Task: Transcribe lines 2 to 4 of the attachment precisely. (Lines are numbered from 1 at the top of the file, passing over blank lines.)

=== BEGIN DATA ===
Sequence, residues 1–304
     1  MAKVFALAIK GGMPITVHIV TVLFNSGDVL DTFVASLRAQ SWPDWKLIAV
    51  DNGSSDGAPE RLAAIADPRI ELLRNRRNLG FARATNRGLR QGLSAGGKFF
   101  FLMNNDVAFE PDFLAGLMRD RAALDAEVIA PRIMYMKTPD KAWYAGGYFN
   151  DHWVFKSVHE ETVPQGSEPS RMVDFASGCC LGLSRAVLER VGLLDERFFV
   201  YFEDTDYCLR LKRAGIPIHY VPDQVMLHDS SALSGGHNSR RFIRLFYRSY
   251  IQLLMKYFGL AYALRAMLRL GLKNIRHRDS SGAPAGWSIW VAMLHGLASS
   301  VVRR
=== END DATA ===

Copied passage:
     1  MAKVFALAIK GGMPITVHIV TVLFNSGDVL DTFVASLRAQ SWPDWKLIAV
    51  DNGSSDGAPE RLAAIADPRI ELLRNRRNLG FARATNRGLR QGLSAGGKFF
   101  FLMNNDVAFE PDFLAGLMRD RAALDAEVIA PRIMYMKTPD KAWYAGGYFN